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Google Amends Its Terms on Scanning User Data for Ads

In the wake of an ongoing federal lawsuit and growing public scrutiny on how it scans and analyzes the data of its users, including students, giant online-services provider Google has amended its terms of service and privacy policies.

The new terms of service, scheduled to go into effect on April 14, specify that the Mountain View, Calif.-based company analyzes private data, including emails sent and received using its popular Gmail service, for a variety of purposes, including delivery of targeted ads.

"We want our policies to be simple and easy for users to understand," Google spokesman Matt Kallman wrote in a statement, according to the Bloomberg news organization.

A group of nine plaintiffs are suing Google, alleging that such data-mining amounts to a violation of federal and state wiretap and privacy laws. In a major victory for Google, Judge Lucy A. Koh denied last month a motion to grant the plaintiffs class certification.

Two of the plaintiffs in the California lawsuit are university student users of the company's free Google Apps for Education service. The students allege that their emails were inappropriately scanned by the company, and that the results were used to build "surreptitious user profiles" that could be used for a variety of purposes, including targeted advertising.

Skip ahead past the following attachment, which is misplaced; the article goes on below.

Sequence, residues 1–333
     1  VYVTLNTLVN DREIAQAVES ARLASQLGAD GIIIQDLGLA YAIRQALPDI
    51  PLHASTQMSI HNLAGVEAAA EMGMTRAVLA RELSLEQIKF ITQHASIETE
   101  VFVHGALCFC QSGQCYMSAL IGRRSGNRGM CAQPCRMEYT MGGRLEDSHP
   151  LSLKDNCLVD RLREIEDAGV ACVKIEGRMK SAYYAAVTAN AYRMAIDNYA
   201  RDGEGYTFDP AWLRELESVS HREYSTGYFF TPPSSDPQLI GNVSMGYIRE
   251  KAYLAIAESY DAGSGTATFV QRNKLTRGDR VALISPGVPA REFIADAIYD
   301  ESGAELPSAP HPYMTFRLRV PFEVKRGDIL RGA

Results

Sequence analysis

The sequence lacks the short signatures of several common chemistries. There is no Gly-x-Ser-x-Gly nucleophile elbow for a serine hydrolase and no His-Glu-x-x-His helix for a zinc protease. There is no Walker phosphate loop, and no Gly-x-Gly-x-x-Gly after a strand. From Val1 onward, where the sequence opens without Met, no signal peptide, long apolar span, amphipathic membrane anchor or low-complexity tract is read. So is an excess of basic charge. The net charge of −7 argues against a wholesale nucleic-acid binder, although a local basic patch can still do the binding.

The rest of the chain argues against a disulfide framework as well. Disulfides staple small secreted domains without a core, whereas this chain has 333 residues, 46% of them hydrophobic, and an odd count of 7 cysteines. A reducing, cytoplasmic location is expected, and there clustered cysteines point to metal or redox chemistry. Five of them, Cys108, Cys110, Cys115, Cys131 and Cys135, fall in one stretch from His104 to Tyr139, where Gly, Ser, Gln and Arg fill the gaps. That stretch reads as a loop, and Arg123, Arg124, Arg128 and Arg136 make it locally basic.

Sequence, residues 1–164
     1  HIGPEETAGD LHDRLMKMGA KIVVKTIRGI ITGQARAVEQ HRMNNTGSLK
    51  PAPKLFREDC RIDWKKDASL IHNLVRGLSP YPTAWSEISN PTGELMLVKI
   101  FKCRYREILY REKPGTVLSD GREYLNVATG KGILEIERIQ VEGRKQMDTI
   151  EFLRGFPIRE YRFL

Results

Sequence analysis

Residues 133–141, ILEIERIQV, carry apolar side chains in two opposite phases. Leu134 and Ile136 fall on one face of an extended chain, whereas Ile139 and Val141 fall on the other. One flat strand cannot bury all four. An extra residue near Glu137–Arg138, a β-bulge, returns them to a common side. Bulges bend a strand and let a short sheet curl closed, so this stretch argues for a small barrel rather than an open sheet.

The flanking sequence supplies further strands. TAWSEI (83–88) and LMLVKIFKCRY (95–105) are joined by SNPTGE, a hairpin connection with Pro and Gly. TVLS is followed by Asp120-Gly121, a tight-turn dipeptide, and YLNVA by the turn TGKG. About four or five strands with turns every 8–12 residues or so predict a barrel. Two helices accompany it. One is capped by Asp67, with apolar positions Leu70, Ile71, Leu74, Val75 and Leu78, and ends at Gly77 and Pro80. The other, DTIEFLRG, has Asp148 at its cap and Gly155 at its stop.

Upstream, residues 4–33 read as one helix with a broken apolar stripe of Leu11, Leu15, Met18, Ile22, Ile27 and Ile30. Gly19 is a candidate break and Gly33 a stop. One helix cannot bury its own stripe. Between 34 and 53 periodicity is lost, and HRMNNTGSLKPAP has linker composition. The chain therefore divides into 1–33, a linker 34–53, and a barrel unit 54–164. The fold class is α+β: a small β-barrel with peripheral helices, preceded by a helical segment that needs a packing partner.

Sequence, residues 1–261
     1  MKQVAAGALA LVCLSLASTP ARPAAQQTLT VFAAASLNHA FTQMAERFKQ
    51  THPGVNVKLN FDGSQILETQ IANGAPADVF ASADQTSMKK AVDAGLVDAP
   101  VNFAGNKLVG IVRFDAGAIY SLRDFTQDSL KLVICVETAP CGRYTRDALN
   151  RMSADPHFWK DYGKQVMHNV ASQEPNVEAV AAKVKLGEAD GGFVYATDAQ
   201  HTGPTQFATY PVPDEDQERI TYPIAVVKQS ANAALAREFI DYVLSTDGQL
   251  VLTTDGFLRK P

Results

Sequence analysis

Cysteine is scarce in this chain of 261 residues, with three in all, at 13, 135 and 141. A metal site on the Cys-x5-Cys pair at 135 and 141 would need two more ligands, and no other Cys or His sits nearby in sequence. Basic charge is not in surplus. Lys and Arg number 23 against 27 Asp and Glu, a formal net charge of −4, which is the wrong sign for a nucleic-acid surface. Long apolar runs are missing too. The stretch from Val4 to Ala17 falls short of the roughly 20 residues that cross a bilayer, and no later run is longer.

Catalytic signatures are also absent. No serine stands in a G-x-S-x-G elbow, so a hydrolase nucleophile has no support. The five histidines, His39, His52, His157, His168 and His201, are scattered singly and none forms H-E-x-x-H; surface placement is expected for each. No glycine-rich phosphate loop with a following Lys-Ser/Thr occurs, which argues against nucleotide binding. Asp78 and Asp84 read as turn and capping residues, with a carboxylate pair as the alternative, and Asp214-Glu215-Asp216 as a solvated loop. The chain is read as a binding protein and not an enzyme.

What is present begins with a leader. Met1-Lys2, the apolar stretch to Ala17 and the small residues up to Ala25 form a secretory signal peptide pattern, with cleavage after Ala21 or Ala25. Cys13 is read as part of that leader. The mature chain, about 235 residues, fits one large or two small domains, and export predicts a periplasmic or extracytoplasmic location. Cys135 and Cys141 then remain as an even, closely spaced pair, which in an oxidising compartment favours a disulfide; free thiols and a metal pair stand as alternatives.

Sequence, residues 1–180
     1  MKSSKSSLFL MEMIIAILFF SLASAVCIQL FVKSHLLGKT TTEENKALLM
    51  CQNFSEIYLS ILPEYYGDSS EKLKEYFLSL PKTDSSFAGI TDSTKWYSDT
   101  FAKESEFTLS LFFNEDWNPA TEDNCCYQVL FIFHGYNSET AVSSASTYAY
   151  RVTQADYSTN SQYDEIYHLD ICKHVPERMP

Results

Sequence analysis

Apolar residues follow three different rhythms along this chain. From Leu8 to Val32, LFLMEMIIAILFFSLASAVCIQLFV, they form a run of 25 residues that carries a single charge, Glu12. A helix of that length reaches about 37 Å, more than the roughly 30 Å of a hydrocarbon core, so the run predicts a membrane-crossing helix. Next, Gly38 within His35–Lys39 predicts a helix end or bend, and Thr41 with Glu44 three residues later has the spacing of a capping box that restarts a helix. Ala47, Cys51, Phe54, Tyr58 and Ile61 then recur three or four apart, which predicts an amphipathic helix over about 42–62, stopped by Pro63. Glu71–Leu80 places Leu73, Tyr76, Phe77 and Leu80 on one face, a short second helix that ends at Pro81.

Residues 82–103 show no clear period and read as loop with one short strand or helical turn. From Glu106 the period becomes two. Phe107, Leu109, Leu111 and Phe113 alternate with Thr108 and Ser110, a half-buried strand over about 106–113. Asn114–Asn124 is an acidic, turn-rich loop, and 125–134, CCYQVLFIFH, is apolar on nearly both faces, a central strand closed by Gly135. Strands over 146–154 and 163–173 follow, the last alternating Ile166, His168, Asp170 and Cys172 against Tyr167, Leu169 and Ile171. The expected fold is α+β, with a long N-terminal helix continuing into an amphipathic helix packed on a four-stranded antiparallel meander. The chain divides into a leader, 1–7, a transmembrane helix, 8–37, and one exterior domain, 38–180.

A Google spokeswoman confirmed to Education Week that the company does "scan and index" the email messages of students using Apps for Education, but said the company does not target ads to students. Google would not answer questions about whether its data-mining practices support the creation of profiles on student users.

Google also confirmed to Education Week that its general terms of service and privacy policy apply to student users of Apps for Education, a stance contrary to the company's earlier public statements.

An estimated 30 million people worldwide use Apps for Education, according to the company.

Google also made modifications to its privacy policy this week. The changes were announced through an update at the bottom of Google's home page.

Follow @BenjaminBHerold and @EdWeekEdTech for the latest news on ed-tech policies, practices, and trends. 

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